Emirates’ profit plunges: Are the good days over?

Courtesy EPA

Emirates Airlines posted its weakest earnings in a decade – its profit at Dh871m (US$237m) plunged 69 per cent for the year ending March 31.

The airline’s chairman Sheikh Ahmed bin Saeed Al Maktoum attributed the lacklustre performance to higher oil prices, competition, weakening of travel demand particularly in the Gulf region, and strengthening of the US dollar.

Was 2018/19 merely an exceptionally tough year, or is it a sign that the good days are coming to an end?

Emirates has been very successful in operating inter-continental flights, hubbing at Dubai International Airport. However, with more airlines mounting direct flights, Emirates may face the challenge to fill up its fleet of A380 superjumbo. Its reliance on Asia-Pacific traffic to connect through Dubai to Europe has also been affected by the spread of terrorist attacks that are turning travellers away.

Going forward, Sheik Ahmed bin Saeed Al Maktoum said: “We expect the year ahead to remain challenging with hyper competition squeezing airline yields, and volatility in many markets impacting travel flows and demand.”

Interestingly, Emirates will be introducing a premium-economy class next year to help broaden its appeal. Known to have modelled itself after Singapore Airlines (SIA) in its early years of formation, Emirates is going through the same kind of pain that SIA experienced. And a little lately. SIA had for some time fought shy of going the premium-economy way, and is now competing aggressively to lead the pack.

The danger with success is how one thinks the good days will never come to an end so long as one continues to do what one has been doing. We forget that things are constantly changing around us.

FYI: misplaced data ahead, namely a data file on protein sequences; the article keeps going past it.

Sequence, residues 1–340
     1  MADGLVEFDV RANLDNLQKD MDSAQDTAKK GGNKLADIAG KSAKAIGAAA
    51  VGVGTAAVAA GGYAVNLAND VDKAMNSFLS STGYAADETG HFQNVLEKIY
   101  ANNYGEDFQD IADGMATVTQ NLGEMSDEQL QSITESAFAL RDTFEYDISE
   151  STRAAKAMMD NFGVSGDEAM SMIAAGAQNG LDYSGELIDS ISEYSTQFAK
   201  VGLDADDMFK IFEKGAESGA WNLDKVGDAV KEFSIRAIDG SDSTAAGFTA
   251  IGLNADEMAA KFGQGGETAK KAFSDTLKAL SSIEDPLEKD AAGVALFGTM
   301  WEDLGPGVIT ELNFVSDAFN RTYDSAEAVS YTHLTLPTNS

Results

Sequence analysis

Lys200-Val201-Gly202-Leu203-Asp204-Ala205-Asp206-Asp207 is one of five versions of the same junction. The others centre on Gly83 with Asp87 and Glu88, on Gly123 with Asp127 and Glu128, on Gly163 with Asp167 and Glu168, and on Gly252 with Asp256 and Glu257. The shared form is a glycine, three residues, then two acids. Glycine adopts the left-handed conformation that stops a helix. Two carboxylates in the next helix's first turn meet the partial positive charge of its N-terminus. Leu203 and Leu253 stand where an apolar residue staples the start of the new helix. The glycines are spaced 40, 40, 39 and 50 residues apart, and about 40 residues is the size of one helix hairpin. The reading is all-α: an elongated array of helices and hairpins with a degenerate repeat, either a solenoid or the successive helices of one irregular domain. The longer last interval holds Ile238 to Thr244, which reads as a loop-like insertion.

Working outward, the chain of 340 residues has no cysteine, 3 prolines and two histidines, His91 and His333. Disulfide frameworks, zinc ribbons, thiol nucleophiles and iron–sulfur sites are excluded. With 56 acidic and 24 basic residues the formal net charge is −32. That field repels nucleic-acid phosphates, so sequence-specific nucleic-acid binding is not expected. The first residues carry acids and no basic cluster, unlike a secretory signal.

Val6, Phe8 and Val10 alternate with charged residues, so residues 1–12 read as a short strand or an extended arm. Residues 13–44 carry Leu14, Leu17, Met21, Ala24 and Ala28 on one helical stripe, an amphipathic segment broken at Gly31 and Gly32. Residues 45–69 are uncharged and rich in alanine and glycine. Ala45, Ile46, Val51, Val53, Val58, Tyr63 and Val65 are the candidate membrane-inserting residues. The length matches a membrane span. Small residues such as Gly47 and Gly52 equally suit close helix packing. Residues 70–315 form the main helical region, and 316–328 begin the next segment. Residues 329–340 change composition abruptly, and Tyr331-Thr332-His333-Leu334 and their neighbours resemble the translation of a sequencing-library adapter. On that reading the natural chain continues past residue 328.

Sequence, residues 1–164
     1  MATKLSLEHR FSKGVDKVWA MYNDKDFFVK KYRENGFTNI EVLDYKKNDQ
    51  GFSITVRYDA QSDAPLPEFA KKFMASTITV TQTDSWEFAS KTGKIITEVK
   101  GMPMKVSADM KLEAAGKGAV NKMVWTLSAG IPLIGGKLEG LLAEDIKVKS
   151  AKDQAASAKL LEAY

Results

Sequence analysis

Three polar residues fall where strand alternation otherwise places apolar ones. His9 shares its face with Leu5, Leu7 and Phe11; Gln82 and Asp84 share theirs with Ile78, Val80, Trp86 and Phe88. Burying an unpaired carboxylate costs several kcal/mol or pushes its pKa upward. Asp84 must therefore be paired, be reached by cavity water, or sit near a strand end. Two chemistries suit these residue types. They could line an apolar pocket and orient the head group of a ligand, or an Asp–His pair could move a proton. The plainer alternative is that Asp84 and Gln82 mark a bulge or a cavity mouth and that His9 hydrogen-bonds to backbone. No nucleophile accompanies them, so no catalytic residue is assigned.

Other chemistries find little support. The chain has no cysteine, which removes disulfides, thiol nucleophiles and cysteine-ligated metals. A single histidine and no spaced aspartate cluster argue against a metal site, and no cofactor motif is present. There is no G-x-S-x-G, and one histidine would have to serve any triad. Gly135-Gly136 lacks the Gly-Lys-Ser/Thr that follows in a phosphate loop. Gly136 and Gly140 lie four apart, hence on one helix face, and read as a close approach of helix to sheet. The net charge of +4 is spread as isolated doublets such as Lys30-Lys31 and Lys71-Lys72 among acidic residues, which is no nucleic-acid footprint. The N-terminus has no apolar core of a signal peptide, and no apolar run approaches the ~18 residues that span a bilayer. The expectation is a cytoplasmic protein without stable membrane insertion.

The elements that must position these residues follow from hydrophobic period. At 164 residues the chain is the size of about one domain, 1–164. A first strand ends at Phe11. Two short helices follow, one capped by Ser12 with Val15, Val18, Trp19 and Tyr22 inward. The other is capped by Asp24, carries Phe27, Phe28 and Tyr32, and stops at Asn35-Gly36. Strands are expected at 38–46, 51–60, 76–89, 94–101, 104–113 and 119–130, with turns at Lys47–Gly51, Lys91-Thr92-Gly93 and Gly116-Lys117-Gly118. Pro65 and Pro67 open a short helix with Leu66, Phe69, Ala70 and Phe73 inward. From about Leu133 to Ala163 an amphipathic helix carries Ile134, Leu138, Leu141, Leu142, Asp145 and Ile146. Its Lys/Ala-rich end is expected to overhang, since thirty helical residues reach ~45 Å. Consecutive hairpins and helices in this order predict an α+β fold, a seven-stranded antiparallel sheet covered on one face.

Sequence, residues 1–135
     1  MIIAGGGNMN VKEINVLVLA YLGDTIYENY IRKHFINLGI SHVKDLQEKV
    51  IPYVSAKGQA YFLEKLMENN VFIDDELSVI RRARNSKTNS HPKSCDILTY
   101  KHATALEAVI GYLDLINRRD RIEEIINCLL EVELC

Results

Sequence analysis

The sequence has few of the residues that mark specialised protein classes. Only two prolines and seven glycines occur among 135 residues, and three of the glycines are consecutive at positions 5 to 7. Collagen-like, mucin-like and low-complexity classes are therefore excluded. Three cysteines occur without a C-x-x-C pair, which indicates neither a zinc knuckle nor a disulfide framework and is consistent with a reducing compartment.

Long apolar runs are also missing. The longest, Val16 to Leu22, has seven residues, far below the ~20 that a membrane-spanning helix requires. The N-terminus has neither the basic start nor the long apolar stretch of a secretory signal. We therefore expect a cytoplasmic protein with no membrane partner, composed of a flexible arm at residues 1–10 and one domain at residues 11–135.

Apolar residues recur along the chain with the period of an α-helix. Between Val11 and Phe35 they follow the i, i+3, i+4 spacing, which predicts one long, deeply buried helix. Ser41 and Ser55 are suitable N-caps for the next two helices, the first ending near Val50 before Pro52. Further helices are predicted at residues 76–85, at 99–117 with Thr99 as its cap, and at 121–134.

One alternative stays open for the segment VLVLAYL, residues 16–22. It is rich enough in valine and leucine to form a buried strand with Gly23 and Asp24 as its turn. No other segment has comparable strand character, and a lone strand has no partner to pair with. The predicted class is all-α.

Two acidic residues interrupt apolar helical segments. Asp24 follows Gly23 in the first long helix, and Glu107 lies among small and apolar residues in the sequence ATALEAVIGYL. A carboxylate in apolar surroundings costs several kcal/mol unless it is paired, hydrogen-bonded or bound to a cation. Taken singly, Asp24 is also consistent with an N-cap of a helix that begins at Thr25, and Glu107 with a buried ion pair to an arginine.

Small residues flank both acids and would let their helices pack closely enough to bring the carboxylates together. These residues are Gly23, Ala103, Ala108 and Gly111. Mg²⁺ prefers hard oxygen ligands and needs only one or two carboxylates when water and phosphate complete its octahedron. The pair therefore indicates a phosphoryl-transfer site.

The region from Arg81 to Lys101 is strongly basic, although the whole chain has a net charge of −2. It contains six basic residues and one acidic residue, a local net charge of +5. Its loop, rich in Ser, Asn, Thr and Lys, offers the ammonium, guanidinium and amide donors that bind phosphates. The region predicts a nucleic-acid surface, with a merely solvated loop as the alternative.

Emirates’ profit plunge may signal something wider in the Gulf region. Last year Qatar Airways reported a loss of 252m riyals (US$67m), attributing it largely to a political dispute that resulted in a ban on the airline by Saudi Arabia, the UAE, Egypt and Bahrain. It expects to make a loss again this year.

Etihad Airways too has been incurring losses since 2016. Last year it posted a loss of US$1.28b. The Abu Dhabi-based airline has since shifted its focus on acquiring stakes in other airlines to build up its intercontinental network to focusing on operating point-to-point flights. There is rumour that it may eventually be assimilated by rival Emirates.

So true it is that one’s fortune may change depending on how and where the wind blows. You can’t ever rest on your laurels.

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About Dingzi
Writer by passion, with professional expertise in aviation, customer service and creative writing. Aviation veteran with more than 30 years' experience, columnist, pubished author of fiction, poetry, plays and travel stories, editor and management consultant. Nature lover who abhors cruelty of any form to animals, and a tireless traveler.

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